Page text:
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Interesting challenge. I will post a comment pre assessment and one after assessment.
Currently, I apply on a constant base three types of leadership. Coaching for fresh engineers and students, delegation for senior engineers, and democratic for engineers with a good level of self confidence. I do not apply the styles because they are at a certain career level, but because we agree to do so before we start working together. I use to give them the option to choose the way their work will be led by me. I had situations when senior engineers expressed their wish not to contribute to project strategy at all. They basically push for pace setting, a style which I don't like at all. To answer your question, I prefer and apply the first three types. And the one I prefer the most is the democratic style due to the fact that gives me enough level of involvement and control in the projects, and stimulates creativity from the other end. I will let you know what it comes from the online assessment.

It was quite quick and the result was Producer&Creative Team.

Cristian,

We belong to the same style ;-)

Cristian, Wai Mun, I came out as Producer & Creative Team as well! I wonder if this is typical of project managers and their teams in general.

My assessment result was Conductor & Orchestra.

The Conductor & Orchestra pairing is based on highly scripted and clearly defined roles that focus on precision and efficiency in execution as defined by the conductor. The orchestra members, who have similar backgrounds, need to be fully trained to comply with the requirements of the job, and, therefore, must be carefully selected to ensure they fit the strict culture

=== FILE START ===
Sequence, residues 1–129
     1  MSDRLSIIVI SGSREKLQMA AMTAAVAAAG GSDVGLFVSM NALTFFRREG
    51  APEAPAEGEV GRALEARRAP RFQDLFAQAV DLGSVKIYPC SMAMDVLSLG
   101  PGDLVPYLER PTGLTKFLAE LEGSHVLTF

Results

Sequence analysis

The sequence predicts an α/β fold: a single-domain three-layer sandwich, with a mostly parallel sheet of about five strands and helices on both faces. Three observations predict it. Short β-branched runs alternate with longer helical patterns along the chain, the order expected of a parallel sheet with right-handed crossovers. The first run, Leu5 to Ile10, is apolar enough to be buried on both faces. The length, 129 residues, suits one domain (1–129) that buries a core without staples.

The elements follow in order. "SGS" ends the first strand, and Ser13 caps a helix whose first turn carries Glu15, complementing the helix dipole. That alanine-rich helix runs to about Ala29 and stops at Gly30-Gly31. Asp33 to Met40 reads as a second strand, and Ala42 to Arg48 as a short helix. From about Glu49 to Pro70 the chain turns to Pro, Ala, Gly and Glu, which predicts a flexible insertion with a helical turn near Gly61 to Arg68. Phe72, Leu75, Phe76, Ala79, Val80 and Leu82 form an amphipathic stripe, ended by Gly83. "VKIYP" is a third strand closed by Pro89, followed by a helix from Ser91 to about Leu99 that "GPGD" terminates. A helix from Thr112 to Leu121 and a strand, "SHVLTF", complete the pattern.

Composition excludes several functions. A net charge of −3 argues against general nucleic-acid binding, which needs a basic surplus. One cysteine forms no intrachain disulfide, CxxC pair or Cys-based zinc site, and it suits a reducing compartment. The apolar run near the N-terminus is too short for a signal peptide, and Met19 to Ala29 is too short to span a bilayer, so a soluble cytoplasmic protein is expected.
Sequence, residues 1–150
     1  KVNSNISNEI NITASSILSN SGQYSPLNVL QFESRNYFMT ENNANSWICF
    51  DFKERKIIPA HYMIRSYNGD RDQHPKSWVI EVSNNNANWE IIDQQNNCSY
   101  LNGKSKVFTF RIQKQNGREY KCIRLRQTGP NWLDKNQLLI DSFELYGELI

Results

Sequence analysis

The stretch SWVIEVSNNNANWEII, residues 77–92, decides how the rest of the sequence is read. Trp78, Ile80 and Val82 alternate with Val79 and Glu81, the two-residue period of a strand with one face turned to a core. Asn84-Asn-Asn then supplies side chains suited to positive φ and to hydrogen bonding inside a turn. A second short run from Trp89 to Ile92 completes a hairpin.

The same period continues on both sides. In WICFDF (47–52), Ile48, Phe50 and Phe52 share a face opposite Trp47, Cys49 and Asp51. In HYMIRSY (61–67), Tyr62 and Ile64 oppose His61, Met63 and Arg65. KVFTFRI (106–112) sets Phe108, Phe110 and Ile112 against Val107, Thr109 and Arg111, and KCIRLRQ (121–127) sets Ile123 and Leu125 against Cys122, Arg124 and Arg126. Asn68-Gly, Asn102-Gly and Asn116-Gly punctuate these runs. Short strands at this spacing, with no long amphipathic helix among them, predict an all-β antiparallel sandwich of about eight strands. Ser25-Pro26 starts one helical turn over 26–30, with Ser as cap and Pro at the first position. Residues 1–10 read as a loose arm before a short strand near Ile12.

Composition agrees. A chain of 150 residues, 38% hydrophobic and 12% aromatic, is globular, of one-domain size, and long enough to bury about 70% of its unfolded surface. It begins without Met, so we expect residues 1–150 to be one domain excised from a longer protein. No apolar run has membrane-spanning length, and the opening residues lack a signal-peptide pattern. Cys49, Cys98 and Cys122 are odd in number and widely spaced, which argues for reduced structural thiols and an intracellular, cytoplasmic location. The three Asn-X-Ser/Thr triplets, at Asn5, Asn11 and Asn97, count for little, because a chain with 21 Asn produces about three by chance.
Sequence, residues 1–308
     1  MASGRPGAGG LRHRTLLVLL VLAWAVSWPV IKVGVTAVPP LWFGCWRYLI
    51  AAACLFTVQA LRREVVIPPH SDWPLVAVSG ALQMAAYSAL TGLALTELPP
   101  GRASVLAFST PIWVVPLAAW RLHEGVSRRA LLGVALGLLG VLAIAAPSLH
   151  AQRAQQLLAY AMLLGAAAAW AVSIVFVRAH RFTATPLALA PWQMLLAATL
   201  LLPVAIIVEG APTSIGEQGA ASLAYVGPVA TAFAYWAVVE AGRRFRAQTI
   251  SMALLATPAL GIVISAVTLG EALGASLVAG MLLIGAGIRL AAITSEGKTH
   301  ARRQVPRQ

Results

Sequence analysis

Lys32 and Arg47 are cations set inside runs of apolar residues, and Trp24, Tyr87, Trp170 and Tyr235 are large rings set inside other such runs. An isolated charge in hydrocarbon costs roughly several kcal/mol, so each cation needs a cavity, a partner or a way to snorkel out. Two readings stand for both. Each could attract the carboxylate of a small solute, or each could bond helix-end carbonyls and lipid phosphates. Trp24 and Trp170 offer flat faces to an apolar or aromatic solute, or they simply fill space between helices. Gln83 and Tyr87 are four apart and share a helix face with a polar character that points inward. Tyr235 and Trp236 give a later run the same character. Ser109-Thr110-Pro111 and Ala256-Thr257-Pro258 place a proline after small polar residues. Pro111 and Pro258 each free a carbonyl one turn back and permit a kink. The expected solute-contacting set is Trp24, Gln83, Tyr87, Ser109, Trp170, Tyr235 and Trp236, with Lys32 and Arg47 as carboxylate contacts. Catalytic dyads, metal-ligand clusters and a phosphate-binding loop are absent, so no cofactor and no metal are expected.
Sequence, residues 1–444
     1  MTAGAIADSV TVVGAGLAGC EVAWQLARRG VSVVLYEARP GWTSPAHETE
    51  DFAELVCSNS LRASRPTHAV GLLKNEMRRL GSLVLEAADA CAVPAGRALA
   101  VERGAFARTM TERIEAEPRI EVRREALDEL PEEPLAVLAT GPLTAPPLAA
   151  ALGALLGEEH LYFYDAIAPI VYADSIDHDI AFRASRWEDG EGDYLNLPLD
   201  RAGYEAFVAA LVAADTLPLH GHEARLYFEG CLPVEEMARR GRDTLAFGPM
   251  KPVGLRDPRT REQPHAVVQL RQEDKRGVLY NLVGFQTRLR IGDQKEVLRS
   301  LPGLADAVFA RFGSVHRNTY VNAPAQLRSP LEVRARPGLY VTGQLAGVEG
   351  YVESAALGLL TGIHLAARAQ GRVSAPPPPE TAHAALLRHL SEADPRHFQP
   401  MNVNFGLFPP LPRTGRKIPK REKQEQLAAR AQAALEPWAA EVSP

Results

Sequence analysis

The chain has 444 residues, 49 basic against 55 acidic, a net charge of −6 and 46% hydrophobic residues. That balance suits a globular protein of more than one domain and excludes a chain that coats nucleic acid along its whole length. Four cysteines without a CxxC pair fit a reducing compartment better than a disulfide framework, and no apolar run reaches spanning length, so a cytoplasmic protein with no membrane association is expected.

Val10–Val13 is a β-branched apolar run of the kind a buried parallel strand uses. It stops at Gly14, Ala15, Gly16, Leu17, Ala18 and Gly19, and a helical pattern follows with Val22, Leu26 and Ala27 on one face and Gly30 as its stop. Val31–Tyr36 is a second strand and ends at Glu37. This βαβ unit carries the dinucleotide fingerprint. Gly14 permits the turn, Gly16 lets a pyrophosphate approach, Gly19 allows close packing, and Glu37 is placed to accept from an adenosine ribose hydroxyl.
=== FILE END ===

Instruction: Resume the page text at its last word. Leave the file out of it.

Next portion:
and scripted tasks. Belonging to the orchestra provides members with the best way to make a living while focusing on tasks at which they excel.

Elizabeth, you could be right that in a project team, the project manager and team members relationship may resemble that model of Producer & Creative Team as most project managers need to manage a pool of talents, have clear objectives of what to be achieved and need input and contribution from others in the team to make things happen. But I am interested to find out the results from other project leads/managers who have tried it and post their results in this section so that we can have a quick compilation on what are the typical dominant styles for most project managers. I am sure you guys will be interested to know too.

i got producer & creative team .. is it the best group? :)

To be honest, I would ignore the test in itself. There are only a few questions and this provides a bad resolution. What I find very interesting is the opportunity to go through the explanations for each category and analyse your activity against them. Is important to split your analysis in two: what are you doing at the moment and what would you like to actually do. If there is a gap then you can use it to generate a change plan for your behaviour.

Wai Mun: Great piece, on the importance of developing one's own individual leadership style rather than blindly aping great leaders.
As a graduate of PMI's Leadership Institute Master Class (LIMC) and keen follower of Leadership myself, I have read a lot on the topic.
Great leaders cannot do much with a mediocre team, and even great teams can fail unless they have a good leader.
Do keep contributing to enrich our community here!

Great article and thanks for sharing.

Interesting article

Leadership style should be able to adapt to the team’s needs and sets a beneficial balance for the whole organization.
The site you mentioned asone.org doesn't seem to be working.

Good one. Thanks for sharing

Truly said. Excellent article on different versions of leadership.
Thanks a lot!!

Truly said. Excellent article on different versions of leadership.
Thanks a lot!!

Truly said. Excellent article on different versions of leadership.
Thanks a lot!!

I look for various ways to support others to take advantage of their enormous potential, to overcome them.
Thanks for the thought